Paolini soon turned to other media, in particular photography, as part of his continuing investigation of painting and of the status of the individual object. This sense that a work is not just itself, in the ‘here and now', but also the record of an earlier phase, led Paolini to an enquiry into the past.
From the inception of Arte povera in the late 1960s Paolini was considered one of its leading exponents. Although he shared the conceptual emphasis of his colleagues, during the 1970s he turned increasingly to an investigation of the whole system of art as recorded in museums. The most famous paintings of the past, by such artists as Raphael, Poussin and de Chirico, are treated as a pretext for daring operations that involve either reassembling them piecemeal, breaking them up or even treating them as identical, as though they were ready-mades. Paolini's references to classicism and Neo-classicism, alongside his use of plaster casts of statuary or Corinthian columns, rephrased his ideas about the inter-relationship of past and present and between replication and originality. These works anticipated the revivalist trends that dominated art in the late 1970s and early 1980s, although he continued to adhere to a bare, unadorned means of expression.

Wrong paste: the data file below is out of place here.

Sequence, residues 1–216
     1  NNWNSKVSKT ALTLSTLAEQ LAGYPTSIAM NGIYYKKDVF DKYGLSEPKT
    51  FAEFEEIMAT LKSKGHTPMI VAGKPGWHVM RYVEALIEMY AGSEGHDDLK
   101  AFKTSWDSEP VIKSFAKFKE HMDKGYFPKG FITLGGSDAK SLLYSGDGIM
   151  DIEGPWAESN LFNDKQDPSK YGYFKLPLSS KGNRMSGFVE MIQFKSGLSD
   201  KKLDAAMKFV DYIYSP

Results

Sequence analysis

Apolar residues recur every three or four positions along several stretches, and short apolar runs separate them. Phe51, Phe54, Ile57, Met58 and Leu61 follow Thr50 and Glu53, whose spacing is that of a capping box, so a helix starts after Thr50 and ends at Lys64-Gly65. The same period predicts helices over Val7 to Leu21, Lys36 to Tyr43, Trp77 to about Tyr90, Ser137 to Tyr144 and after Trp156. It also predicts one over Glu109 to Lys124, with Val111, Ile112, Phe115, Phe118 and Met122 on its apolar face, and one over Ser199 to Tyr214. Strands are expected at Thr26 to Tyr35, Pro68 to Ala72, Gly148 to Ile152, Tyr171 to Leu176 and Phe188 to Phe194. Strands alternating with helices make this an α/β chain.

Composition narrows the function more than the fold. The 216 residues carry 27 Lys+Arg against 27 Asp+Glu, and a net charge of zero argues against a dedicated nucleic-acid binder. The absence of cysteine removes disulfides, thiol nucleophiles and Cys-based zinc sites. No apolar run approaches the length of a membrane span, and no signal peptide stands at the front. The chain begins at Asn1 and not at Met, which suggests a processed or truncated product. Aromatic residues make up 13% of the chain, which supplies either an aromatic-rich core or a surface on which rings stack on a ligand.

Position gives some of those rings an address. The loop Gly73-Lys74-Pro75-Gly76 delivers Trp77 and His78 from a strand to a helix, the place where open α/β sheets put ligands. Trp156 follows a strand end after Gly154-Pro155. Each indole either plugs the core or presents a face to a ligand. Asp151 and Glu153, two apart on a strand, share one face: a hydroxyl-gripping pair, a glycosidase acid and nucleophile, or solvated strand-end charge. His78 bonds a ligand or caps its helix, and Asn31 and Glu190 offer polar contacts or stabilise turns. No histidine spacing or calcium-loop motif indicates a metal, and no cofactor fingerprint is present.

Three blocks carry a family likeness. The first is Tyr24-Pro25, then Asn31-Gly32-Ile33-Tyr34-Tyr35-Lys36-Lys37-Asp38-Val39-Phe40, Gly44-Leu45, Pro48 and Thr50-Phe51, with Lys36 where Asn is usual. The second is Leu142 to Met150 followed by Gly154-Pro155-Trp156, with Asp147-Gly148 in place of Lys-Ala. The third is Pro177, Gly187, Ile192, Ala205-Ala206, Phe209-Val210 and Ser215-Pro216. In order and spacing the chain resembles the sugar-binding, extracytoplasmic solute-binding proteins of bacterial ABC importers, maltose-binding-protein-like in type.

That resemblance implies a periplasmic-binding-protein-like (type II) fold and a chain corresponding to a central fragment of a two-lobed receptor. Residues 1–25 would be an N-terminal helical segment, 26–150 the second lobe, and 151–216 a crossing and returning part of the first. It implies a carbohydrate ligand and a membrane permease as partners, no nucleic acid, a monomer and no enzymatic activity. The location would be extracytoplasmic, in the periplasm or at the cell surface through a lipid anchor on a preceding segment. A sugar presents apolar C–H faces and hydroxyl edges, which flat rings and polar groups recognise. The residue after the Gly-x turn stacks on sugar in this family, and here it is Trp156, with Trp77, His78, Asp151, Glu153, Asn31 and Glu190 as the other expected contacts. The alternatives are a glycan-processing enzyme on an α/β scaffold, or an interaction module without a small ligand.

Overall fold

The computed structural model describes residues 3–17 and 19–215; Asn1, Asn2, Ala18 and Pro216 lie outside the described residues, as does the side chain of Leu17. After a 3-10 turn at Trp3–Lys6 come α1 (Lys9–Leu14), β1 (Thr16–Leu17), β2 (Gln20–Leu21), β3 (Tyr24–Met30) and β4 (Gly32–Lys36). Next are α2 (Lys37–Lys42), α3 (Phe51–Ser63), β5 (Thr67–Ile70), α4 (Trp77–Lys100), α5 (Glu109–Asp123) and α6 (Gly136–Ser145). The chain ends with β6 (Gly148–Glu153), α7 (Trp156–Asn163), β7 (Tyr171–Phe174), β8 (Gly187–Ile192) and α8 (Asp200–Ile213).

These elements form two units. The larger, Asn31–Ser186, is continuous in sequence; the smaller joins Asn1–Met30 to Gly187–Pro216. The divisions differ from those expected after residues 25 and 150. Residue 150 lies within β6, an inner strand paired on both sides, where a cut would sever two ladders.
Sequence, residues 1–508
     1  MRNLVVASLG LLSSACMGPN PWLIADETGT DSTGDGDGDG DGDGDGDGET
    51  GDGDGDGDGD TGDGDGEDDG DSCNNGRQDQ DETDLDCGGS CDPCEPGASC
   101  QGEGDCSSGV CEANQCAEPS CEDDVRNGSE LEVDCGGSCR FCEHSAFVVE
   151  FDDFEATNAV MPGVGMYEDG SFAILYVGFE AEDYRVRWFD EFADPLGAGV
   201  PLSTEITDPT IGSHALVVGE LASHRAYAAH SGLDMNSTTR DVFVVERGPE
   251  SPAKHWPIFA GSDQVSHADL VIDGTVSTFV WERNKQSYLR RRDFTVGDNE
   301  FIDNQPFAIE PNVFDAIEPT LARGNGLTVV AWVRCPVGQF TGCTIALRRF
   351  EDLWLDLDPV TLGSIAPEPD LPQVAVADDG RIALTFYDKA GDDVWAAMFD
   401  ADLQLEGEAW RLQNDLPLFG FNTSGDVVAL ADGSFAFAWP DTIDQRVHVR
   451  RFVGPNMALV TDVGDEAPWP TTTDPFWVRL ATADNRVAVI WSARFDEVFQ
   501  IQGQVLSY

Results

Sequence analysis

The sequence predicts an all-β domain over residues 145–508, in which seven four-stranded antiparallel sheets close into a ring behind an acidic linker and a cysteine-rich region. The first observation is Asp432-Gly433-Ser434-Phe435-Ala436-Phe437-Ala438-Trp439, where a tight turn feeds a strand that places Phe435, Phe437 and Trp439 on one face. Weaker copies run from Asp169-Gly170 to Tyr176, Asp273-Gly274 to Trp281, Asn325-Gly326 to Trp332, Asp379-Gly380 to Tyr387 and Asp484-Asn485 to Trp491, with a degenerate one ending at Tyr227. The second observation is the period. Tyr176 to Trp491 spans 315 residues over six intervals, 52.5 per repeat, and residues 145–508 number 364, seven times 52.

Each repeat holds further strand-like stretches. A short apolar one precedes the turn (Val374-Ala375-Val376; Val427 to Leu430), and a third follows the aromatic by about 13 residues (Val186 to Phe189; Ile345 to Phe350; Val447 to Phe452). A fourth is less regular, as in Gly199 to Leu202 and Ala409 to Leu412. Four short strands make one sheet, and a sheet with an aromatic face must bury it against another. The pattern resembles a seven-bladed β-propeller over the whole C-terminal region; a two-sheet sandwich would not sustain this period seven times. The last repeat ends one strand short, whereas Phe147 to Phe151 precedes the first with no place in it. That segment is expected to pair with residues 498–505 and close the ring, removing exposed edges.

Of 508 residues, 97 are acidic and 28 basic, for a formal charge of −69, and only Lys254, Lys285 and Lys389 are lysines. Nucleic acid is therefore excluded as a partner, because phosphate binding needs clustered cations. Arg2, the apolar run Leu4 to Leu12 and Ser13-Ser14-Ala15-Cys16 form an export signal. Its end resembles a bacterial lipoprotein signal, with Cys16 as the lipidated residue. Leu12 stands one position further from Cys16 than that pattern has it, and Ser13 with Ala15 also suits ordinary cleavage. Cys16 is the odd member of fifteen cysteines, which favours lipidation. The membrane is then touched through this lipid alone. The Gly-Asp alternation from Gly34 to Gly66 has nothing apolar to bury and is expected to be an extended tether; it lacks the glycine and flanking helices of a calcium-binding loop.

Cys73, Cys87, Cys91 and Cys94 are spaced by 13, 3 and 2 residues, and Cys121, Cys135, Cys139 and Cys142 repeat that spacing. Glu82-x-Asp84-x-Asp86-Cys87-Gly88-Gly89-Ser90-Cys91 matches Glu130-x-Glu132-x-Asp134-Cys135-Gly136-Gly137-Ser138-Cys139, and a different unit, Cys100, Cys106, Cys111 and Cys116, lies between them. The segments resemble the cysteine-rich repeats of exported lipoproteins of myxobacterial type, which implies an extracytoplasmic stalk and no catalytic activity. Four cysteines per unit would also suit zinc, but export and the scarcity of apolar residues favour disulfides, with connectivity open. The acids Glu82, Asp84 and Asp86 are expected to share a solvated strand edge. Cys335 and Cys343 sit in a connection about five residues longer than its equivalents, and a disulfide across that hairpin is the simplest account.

G. Celant: Giulio Paolini (New York and Paris, 1972)
Giulio Paolini (exh. cat., essays by M. Fagiolo and A. C. Quintavalle; U. Parma, Ist. Stor. A., 1976)
Giulio Paolini (exh. cat., ed. H. Szeemann and D. Elliott; Amsterdam, Stedel. Mus.; Oxford, MOMA; 1980)
Giulio Paolini (exh. cat., Stuttgart, Staatsgal., 1986)
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